It was the only day of the year my eyes ever saw 4am when I was in high school: Black Friday.

My cousin, visiting from out of town, and I would rouse ourselves before sunrise, pull on our jeans, slap leftover turkey into a sandwich, and drive to the mall near my grandparents house for doorbuster sales. One year, we spent eight consecutive hours in that mall – and it wasn’t a big mall by any means. We had “shop till you drop” down to a science of sorts.

My family never had much money growing up, but I shopped clearance racks and discount stores like a pro. Head to the back of the store first, clearance racks are always in the back. Look through the whole rack, not just your size as things often get put back in odd places. I could – and did – spend hours and hours shopping when I was a teenager, working the rules of when and how to get the best deals. When I was in college I worked in retail over holiday breaks; the extra money helped out and the 30% off employee discount was one of the best things that ever happened to me.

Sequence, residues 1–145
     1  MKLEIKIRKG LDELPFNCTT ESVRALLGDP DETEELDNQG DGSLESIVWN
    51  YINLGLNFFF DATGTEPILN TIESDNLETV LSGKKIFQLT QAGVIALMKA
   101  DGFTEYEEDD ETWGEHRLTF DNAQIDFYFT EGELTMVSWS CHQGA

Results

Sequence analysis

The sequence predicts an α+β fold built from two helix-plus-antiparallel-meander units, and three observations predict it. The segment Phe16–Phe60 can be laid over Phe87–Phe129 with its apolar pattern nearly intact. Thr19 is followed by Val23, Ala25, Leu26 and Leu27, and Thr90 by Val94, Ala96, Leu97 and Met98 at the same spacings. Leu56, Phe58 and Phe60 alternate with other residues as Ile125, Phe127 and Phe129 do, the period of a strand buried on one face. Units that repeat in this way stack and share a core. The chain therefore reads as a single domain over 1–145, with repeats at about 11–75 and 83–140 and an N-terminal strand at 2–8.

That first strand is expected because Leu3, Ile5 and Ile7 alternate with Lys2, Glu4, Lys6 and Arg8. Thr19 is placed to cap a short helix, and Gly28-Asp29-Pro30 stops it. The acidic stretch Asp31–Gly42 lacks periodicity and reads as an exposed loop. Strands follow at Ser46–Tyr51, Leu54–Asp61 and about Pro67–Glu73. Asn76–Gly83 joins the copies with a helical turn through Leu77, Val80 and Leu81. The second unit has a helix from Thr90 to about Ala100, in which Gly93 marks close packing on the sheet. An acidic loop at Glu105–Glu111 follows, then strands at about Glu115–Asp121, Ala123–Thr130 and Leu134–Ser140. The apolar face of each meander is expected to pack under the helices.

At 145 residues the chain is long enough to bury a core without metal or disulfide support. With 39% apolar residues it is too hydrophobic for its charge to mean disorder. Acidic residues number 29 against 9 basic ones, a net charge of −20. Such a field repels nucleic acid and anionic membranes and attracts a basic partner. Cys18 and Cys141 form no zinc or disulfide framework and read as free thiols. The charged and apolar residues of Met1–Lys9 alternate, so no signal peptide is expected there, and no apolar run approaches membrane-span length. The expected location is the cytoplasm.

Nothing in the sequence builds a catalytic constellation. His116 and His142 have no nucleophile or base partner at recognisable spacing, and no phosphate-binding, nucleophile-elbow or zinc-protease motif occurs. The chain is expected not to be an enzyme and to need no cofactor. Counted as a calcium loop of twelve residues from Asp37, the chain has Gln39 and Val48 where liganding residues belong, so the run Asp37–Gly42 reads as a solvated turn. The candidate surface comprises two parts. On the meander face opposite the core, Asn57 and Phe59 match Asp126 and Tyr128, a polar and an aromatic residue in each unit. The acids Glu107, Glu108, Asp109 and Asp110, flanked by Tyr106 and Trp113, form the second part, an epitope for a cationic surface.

I volunteered to work the opening shift on Black Friday every year for five years because I loved the energy of that day so much. And after an 8-hour shift (beginning with 5am door busters) I would go out shopping after work. It was almost an addiction of sorts; whenever I felt bad or ugly or stressed I would go shopping. Finding something new and beautiful always made me feel good – especially if it didn’t break the bank….

You can read the rest of my review of The True Cost over at my friend Jon’s site Cinema Faith.

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